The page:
Today’s brands, category managers and merchandisers are in a race, constantly jostling for position but frequently finding they’re still grouped together in the home straight of the supermarket aisle. Only a standout performance at point of purchase in those final moments of the race will ensure the winner takes the gold at point of sale.
By Peter Howard.
In this feature we explore POP as an integrated in-store strategy with multiple touchpoints designed to influence shopper behaviour. We also talk to industry experts and look at some Australian companies that specialise in POP initiatives.
As 71% of shoppers cite food as their most common impulse buy and 85% of impulse buys occur when an item is on special, the opportunity for supermarkets and convenience stores to attract some of that impulse spend is certainly attractive, but are stores maximising the opportunity?
Clearly, it’s important to make specials and promotional products stand out, but as today’s shoppers are being bombarded with almost constant advertising messages, standing out isn’t as easy as it sounds and requires a considered, strategic approach.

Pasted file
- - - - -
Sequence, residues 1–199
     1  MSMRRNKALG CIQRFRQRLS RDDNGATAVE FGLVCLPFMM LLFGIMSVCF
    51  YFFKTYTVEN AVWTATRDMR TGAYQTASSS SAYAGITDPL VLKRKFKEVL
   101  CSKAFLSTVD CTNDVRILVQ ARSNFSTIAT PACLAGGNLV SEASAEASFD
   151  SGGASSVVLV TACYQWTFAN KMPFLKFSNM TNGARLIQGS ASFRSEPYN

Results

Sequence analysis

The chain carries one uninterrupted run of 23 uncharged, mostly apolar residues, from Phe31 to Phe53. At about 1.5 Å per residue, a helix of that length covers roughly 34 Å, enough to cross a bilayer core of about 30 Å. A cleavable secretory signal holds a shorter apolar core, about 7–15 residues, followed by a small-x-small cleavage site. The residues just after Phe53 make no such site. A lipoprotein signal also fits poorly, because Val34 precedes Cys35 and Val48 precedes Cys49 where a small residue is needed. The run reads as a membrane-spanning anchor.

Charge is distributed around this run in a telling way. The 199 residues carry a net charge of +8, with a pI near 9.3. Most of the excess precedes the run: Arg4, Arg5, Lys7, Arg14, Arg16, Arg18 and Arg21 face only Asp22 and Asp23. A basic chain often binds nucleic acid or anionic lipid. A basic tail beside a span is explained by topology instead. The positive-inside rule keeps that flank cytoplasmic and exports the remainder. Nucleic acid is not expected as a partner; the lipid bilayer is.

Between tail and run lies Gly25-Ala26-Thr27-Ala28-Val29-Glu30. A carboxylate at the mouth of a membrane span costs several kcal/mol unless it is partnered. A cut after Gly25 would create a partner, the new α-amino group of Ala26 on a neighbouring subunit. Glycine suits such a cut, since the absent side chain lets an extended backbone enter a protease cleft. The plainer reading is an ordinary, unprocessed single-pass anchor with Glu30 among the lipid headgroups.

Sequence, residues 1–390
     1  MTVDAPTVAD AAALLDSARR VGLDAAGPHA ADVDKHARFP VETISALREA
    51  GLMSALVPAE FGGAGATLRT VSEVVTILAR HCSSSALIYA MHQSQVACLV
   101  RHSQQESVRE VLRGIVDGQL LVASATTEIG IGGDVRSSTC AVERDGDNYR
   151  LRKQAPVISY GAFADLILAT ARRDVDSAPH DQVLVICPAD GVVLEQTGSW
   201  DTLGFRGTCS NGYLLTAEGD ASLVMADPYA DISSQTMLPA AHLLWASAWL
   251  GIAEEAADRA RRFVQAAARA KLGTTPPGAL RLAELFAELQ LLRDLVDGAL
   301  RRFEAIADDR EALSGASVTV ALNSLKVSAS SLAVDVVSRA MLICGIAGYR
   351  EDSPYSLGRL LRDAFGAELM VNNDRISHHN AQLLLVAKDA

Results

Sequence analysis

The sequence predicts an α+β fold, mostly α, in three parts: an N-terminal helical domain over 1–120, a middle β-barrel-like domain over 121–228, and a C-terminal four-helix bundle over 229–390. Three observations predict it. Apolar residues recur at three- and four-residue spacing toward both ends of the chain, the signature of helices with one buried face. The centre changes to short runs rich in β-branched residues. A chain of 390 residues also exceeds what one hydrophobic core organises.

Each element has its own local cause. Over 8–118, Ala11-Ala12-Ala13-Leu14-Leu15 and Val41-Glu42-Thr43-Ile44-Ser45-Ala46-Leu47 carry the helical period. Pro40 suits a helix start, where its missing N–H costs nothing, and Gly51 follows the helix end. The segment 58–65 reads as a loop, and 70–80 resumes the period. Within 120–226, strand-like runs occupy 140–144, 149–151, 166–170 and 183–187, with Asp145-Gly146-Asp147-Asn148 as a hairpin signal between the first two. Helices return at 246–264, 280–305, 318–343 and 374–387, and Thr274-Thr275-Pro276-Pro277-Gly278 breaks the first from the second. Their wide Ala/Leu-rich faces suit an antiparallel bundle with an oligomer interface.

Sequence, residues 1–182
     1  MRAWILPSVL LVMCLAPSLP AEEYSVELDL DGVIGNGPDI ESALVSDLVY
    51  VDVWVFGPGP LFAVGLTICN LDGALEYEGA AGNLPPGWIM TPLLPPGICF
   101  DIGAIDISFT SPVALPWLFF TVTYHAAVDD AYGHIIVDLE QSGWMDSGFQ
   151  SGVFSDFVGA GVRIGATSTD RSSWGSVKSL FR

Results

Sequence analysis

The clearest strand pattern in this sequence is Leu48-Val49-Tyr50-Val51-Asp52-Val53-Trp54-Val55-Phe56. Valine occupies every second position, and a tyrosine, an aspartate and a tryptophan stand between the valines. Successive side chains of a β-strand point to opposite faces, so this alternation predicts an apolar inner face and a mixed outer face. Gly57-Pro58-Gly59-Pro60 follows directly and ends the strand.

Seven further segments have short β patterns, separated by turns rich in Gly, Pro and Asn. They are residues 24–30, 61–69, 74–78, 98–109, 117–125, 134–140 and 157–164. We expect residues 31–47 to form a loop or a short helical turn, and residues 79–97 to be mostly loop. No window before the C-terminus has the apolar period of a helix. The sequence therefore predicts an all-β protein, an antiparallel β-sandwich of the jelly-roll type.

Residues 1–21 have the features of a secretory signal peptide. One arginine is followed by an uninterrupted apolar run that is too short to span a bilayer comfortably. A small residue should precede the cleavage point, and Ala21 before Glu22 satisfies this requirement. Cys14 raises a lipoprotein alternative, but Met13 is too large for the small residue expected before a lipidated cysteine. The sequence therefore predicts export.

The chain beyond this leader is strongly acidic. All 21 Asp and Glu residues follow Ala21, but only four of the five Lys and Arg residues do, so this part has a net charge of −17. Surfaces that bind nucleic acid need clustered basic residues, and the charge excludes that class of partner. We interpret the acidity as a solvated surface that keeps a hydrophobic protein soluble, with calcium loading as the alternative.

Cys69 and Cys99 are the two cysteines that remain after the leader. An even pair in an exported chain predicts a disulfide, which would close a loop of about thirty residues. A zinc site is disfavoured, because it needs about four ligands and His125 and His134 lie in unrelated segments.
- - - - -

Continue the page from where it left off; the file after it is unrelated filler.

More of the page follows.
Researchers estimate the average Australian adult was exposed in 2019 to between 6,000 and 10,000 ads a day. That’s double the amount in 2007 and has reached the point where people can no longer take it all in.
Now you see it
Having brands displayed in a category and competing next to each other on the shelves makes the deployment of switch messaging simple, but the shelves themselves can make it difficult to achieve an impactful display.
Shelf talkers and aisle fins certainly make a difference, but for greater impact, brands are increasingly using customised POP displays because of their flexibility and almost limitless capacity for customisation. They can be placed anywhere a retailer chooses, adjacent to the category or off location, and repositioned at any time.
Custom POP displays are not only eye-catching, but being a physical object, when positioned well they can disrupt the habitual or routine shopper who otherwise pays little attention to promotional shelf signage. They also cause no problems in terms of sustainability as they’re almost all made from recyclable corrugated cardboard.
Read more in the September/October issue of Convenience World.